Get serious about your bagel, by Cynthia Ferris-Bennett (recipe)

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Hopefully, sometime in your life, you have had the opportunity to enjoy the fresh, soft, chewy, doughy piece of heaven known as a bagel. I am not talking about the commercially frozen or shelf stable versions that some call bagels, but the “just out of the oven where is the schmear?” bagel.

So, what is a bagel? A bagel is a yeast bread roll with an O-ring shape. It typically has a shiny, crispy crust and a chewy inside. These features are the result of the bagel’s composition, rising time and the dough-boiling step prior to baking. Traditional bagels are very chewy while commercial bagels tend to have a bread-like texture. They are topped with “everything:” cheese, sea salt and sesame seeds, just to name a few.

What is “schmear?” Typically, schmear is a cream cheese base with added ingredients such as smoked salmon and capers, chives, fruits or pretty much anything that sounds good on your bagel. Breaking with tradition, I typically use Mascarpone for my base as it has both the buttery and cream cheese flavor.

Bagels originally were brought to the United States by Polish-Jewish immigrants who settled in the Northeast area. Bagels were made by hand until 1960 when Dan Thompson invented the first bagel-forming machines. In 1962, the Lender Co. introduced frozen bagels that were made on high-speed production lines and sold through supermarkets.

An interesting fun fact: With this same recipe and one small addition (2/3 cup baking soda), you can also make soft pretzels. The difference is the boiling of the dough and the shaping of the dough. Should you want to make soft pretzels, then shape your dough into your favorite pretzel shape rather than the bagel shape. Add 2/3 cup baking soda to your boiling water... only add the baking soda if you are making soft pretzels; do not do this for bagels. The rest of the recipe steps are the same.

This recipe makes a New York style bagel, which tends to be a little fatter and chewier.

Makes: 8 medium-sized bagels

Total time: 1 hour, 45 minutes


2 teaspoons active dry yeast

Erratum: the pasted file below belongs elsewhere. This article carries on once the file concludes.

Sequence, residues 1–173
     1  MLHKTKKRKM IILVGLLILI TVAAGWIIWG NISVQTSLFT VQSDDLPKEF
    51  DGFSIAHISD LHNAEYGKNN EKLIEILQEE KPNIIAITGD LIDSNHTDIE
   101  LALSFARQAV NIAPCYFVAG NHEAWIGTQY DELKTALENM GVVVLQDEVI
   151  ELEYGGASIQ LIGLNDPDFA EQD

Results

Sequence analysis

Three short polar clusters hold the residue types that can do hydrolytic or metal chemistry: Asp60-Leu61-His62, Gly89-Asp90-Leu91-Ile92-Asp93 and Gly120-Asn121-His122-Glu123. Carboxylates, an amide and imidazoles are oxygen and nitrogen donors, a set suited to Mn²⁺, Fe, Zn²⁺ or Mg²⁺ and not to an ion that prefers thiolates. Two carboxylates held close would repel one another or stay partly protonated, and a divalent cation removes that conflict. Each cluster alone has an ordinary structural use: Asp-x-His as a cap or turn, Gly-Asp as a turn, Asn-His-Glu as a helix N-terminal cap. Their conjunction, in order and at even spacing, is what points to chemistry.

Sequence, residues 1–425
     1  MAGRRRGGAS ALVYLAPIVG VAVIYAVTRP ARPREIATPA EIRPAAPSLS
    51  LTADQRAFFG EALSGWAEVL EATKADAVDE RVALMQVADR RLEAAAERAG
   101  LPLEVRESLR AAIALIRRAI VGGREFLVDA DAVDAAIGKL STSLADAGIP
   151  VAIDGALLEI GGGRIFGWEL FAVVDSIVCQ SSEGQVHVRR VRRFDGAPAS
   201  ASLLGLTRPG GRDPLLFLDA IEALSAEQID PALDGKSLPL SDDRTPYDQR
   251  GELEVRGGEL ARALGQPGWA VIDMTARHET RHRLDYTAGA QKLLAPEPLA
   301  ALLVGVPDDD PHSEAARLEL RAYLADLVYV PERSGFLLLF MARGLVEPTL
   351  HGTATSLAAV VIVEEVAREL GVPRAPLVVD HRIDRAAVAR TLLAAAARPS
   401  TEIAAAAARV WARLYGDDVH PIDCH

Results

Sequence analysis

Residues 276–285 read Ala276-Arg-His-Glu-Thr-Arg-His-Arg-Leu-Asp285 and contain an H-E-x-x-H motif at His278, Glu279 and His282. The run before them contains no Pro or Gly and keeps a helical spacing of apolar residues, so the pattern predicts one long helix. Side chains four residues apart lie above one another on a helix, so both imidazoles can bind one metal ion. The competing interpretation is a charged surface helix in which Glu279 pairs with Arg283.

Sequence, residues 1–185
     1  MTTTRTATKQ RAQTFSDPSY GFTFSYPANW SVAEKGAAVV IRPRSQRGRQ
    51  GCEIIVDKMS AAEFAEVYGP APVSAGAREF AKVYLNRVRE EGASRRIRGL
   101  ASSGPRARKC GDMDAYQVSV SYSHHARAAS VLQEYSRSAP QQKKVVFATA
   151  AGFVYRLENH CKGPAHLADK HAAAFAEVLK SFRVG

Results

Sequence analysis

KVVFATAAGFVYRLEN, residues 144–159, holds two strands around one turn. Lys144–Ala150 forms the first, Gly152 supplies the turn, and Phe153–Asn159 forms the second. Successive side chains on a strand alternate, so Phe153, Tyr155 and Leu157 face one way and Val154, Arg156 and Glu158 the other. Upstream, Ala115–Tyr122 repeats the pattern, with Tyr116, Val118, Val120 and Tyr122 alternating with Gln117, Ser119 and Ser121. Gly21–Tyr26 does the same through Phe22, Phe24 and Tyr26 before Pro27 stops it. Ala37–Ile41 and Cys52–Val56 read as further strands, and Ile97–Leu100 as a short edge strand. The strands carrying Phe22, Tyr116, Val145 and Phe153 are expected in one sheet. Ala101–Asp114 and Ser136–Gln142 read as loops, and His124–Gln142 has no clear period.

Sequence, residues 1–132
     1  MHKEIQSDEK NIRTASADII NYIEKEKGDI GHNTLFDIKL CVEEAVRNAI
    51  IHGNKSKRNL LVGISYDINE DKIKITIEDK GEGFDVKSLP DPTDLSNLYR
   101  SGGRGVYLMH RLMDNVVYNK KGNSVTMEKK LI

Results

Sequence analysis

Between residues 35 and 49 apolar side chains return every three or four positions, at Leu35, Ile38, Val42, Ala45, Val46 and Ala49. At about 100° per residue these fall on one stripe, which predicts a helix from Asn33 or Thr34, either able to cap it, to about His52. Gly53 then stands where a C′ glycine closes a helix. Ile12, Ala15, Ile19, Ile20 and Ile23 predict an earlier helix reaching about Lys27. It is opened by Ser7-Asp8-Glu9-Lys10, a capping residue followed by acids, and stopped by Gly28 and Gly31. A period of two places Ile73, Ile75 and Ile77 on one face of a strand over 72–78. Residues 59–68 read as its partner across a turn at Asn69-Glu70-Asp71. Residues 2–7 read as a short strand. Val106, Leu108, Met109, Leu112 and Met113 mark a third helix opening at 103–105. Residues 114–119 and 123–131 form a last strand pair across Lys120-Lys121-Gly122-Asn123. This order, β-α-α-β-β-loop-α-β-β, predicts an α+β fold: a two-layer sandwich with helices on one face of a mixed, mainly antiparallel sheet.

1 1⁄2 tablespoons (4 1⁄2 teaspoons) granulated sugar

1 1⁄4 cups warm water (you may need ±1⁄4 cup)

3 1⁄2 cups bread flour or high gluten flour (will need extra for kneading) 1 1⁄2 teaspoons salt


In 1⁄2 cup of the warm water, pour in the sugar and yeast. Do not stir. Let it sit for five minutes and then stir the yeast and sugar mixture until it all dissolves in the water.

Mix the flour and salt in a large bowl. Make a well in the middle and pour in the yeast and sugar mixture.

Pour 1/3 cup of the remaining warm water into the well. Mix and stir in the rest of the water as needed. Depending on where you live, you might need to add anywhere from a couple tablespoons to about 1⁄4 cup of water. You want moist and firm dough after you have mixed it.

On a floured countertop, knead the dough for about 10 minutes until it is smooth and elastic. Try working in as much flour as possible to form a firm and stiff dough.

Lightly brush a large bowl with oil and turn the dough to coat. Cover the bowl with a damp dish towel. Let rise in a warm place for 1 hour until the dough has doubled in size. Punch the dough down, and let it rest for another 10 minutes.

Carefully divide the dough into 8 pieces (I used a scale to be extra precise, but it’s not necessary). Shape each piece into a round. Now, take a dough ball and press it gently against the countertop (or whatever work surface you’re using), moving your hand and the ball in a circular motion pulling the dough into itself while reducing the pressure on top of the dough slightly until a perfect dough ball forms (as pictured below). Repeat with 7 other dough rounds.

Coat a finger in flour, and gently press your finger into the center of each dough ball to form a ring. Stretch the ring to about 1⁄3 the diameter of the bagel and place on a lightly oiled cookie sheet.

Repeat the same step with the remaining dough.

After shaping the dough rounds and placing them on the cookie sheet, cover with a damp kitchen towel and allow to rest for 10 minutes. Meanwhile, preheat your oven to 425 degrees Fahrenheit.

Bring a large pot of water to a boil. Reduce the heat. Use a slotted spoon or skimmer to lower the bagels into the water. Boil as many as you are comfortable with boiling. Once the bagels are in, it shouldn’t take too long for them to float to the top (a couple seconds). Let them sit there for 1 minute and them flip them over to boil for another minute. Extend the boiling times to 2 minutes each, if you’d prefer a chewier bagel (results will give you a more New York Style bagel with this option).

If you want to top your bagels you will need to use an egg wash to get the toppings to stick before putting the bagels into the oven, transfer them to a lightly oiled baking sheet or parchment paper covered baking pan,

Bake for 20 minutes, until golden brown.

Cool on a wire rack.

Cynthia Ferris-Bennett, a Nevada native, is the owner of the Sierra Chef Culinary Center, Italian Bakery and Gourmet Market in Genoa, which specializes in weekly cooking classes, gourmet culinary pantry and market, Italian desserts and pastries. She manages the Sierra Chef Farmers Market on Wednesdays in Carson Valley May through September. Ferris-Bennett also is the event manager for Orchard House in Historic Genoa for weddings and events. Sierra Chef recently was honored with the 2019 Douglas County Spotlight Award for Retail.


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